To Perform a Task Well Is Sufficient
by Maddy Raskulinecz
My task was to induce stress in the participants. I was allowed to do it however I liked. Stress is lizardly in the brain, which can be people’s qualm with it, that the enemies it steels you against are not the ones likely stressing you, like:
You stop shitting because your body behaves as if you’re being stalked by saber-toothed freak mammoths, and having to shit mid-hunt would get you killed; in reality the source of the stress is more like an interpersonal coolness that you have the feeling you need to act against, and the not shitting becomes an abject disclosure to have to make as to why you’d better not tonight (again), and so the conjugal gulf widens.
I mention this to justify, if the scientific method is listening, why it was fine for me to use such a variety of techniques to achieve the desired stress, but really no one kept an eye on what I was doing.
For many participants, it was sufficient to place them between an unbearable secret knowledge about me and the demands of etiquette. For the most sensitive, I instructed them with egregious lipstick teeth. From there, a sliding scale from snot to menses.
On the most literal-minded, I placed electrodes around the heart and made them run on the treadmill. For the healthiest subset of these, I frowned at the EKG readings, and said “Oh. Hmm—never mind.”
Some mothers became stressed when I expressed dependence, others when I expressed disinterest.
A beloved pet I ignored.
A different beloved pet I threatened cruelly in a happy voice.
To induce stress in an Abyssinian banana tree, I drank a quart of water and licked up the remaining sweat from the outside of the glass. Then I blotted my tongue with a tissue until it was a dry slab.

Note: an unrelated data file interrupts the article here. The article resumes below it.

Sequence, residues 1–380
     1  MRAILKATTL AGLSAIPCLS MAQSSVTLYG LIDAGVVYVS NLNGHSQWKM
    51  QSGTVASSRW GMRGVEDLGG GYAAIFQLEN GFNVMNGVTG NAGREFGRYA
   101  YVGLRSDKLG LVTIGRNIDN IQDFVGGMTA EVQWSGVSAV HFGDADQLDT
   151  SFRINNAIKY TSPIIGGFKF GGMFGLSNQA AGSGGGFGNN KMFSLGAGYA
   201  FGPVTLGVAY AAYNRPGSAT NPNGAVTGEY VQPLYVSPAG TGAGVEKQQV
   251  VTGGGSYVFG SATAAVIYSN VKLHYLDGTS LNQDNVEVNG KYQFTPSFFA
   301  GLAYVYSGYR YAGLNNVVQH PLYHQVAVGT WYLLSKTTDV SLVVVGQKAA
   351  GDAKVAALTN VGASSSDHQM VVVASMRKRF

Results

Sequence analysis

To induce stress in a fist-sized igneous rock I dumped out another quart and put the rock in the standing water and left it there in the cool white light.
To induce stress in any number of possessions of an old man I bequeathed them to his unsentimental son.
A lot of people I just pointed a gun at.
A priceless Persian rug I spilled wine on and then ruthlessly, perfectly cleaned.
A shining new laptop computer was used to click on inadvisable banner ads, while an obsolete model was made to watch.
To induce stress in a captive audience, I sang songs far outside my range, and then forgot the lyrics, which induced stress in the songs as well.
Participants reacted to displays of despotic authority with stress, and also to displays of deferential incompetence. The payment scheme for participating became continually more complicated.
Finally there were the participants in whom I did not induce anything. These ones you know when you see. They are addicted to it already. I mean this in a tragic physical sense. They have been, passively, preparing for their participation in the study their entire lives, dosing themselves with stress until their dumb liquids adjust permanently, and will produce stress when none presents itself. All you have to do with these ones is listen to their story while you prepare their bed, about their partner who was, before they met, a professional dancer, but was never recorded in his entire short career, so when they met there was no proof except the partner’s gorgeous body, and the participant has to this day never seen the partner dance, and then you tell them goodnight and how to contact the technician, and wait two hours in the dim dark for them to cry out about something they heard, What’s Wrong, Where Are You, Who Is There, I Need Help, I Think I Need Help, and then they’re ready to perform spectacularly without my having helped at all.
After the participant is stressed adequately and sent off to be studied, I must consider what I am doing to myself. I’ve thought sometimes that inducing stress in other people relieves it in me, like I’m passing along a conserved energy. But other times I have suspected I am creating it in the both of us, a small new injury. The call, “Next,” comes so fast out of my mouth then, before the last one has even passed on, before the air in the lab can go still.
Maddy Raskulinecz lives in San Francisco, CA. Her fiction has appeared in Zyzzyva, Guernica, DIAGRAM, 3:AM, and elsewhere. Follow her on Twitter: @littleraskul.